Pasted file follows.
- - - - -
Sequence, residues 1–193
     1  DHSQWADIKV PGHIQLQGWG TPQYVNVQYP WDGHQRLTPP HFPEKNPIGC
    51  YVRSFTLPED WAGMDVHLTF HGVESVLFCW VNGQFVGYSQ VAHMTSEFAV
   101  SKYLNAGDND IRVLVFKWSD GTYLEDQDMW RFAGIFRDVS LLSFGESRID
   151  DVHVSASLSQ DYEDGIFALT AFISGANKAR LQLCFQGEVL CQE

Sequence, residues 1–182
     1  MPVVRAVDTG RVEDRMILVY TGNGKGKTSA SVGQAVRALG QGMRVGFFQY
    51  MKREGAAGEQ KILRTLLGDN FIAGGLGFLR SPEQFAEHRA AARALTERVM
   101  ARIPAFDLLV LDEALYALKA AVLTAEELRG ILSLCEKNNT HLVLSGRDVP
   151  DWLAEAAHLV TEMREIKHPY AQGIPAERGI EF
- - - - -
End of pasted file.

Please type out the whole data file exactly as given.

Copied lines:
Sequence, residues 1–193
     1  DHSQWADIKV PGHIQLQGWG TPQYVNVQYP WDGHQRLTPP HFPEKNPIGC
    51  YVRSFTLPED WAGMDVHLTF HGVESVLFCW VNGQFVGYSQ VAHMTSEFAV
   101  SKYLNAGDND IRVLVFKWSD GTYLEDQDMW RFAGIFRDVS LLSFGESRID
   151  DVHVSASLSQ DYEDGIFALT AFISGANKAR LQLCFQGEVL CQE

Sequence, residues 1–182
     1  MPVVRAVDTG RVEDRMILVY TGNGKGKTSA SVGQAVRALG QGMRVGFFQY
    51  MKREGAAGEQ KILRTLLGDN FIAGGLGFLR SPEQFAEHRA AARALTERVM
   101  ARIPAFDLLV LDEALYALKA AVLTAEELRG ILSLCEKNNT HLVLSGRDVP
   151  DWLAEAAHLV TEMREIKHPY AQGIPAERGI EF